Apologies, promises to families in Bragg deaths

September 21, 2010 8:22:51 PM PDT
Fort Bragg leaders held their second town hall meeting Tuesday about the investigation involving 10 infant deaths on post in the last four years.During the meeting, officials offered some apologies and even made some promises to the grieving families.

So far, Fort Bragg leaders have ruled out Chinese drywall as a cause in the deaths, but other agencies have not.

The Consumer Product Safety Commission will be on post next week to begin some extensive testing, giving the families some comfort.

Three babies had been staying in the same home on Groesbeek Drive on Fort Bragg when they died -- baby Jadon died in 2007, while in 2009, baby Jay'vair and his cousin Ka'mya died just months apart.

The CPSC is the lead federal agency investigating toxic Chinese drywall and they were first contacted by one of the grieving families, not Fort Bragg.

Jadon's mother, Pearline Sculley, says she is confident in the agency.

"Yes because they are not in the military," she said. "I feel like the military will try to cover up as much as possible and they will not, they're an independent agency and will say whatever it is that they find."

She says her lack of confidence in Fort Bragg stems from what she describes as a lack of communication.

The same frustration is also felt by the Neuterman family, who lost their 2-month-old baby Emma last year.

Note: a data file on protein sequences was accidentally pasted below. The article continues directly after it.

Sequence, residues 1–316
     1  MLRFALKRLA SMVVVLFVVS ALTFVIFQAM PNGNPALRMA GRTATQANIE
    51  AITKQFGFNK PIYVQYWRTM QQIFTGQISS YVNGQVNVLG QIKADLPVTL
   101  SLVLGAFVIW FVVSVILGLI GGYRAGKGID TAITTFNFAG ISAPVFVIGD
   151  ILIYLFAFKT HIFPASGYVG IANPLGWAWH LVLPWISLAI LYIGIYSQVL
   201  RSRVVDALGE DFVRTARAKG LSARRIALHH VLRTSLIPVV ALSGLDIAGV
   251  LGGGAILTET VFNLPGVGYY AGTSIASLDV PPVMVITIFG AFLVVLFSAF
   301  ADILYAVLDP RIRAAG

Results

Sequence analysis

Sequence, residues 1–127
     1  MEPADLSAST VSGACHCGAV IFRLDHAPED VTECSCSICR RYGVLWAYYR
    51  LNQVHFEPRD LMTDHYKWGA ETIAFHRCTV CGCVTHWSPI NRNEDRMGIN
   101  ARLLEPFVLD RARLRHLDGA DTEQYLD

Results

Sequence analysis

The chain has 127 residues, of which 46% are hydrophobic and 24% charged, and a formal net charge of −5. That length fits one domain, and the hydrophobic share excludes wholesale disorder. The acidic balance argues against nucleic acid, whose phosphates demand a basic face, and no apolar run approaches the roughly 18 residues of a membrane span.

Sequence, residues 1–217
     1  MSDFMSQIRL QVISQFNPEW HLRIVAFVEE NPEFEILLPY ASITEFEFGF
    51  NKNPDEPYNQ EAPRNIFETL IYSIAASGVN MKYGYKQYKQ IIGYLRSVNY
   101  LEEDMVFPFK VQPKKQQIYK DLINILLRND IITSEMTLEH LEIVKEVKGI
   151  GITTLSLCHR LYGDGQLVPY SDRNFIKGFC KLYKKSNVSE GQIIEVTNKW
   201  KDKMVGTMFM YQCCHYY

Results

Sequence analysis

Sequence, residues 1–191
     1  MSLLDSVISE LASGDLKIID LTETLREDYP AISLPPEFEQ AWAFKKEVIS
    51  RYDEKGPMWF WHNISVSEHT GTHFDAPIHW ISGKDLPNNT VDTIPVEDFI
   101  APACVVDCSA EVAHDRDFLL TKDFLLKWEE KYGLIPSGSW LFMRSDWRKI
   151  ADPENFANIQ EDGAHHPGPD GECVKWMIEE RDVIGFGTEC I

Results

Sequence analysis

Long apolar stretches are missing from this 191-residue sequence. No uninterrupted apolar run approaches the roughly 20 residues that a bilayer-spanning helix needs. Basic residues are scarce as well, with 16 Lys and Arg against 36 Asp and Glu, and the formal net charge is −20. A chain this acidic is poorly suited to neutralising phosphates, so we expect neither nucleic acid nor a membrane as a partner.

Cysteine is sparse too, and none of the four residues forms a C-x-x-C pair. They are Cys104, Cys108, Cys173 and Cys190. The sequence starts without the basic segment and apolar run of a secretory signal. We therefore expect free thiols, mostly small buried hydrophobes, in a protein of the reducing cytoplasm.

"I found out about the investigation first from you guys, watching your channel," Emma father SPC Robert Neuterman said.

And they brought their concerns about drywall to officials at Fort Bragg.

"Her bassinet, her bouncy chair and her swing were all against the wall and within the next day they told us they wanted us to go and speak to the investigators," Cassandra Neuterman said.

Fort Bragg leaders have promised better communication from now on.

"I did apologize and took responsibility for the command at Fort Bragg for them not getting all the information that they probably deserve," Garrison Commander Col. Stephen Sicinski said. "Unfortunately, we don't owe them any information but it's probably the right thing to do in this case."

The results from the CPSC testing are not expected back until February. Meanwhile, ground samples were also collected for soil testing on Tuesday.

The 18th Airborne Corps Chief of Staff says they're trying to be as transparent as possible and they'll hold another town hall meeting Thursday at Browley Elementary on post.

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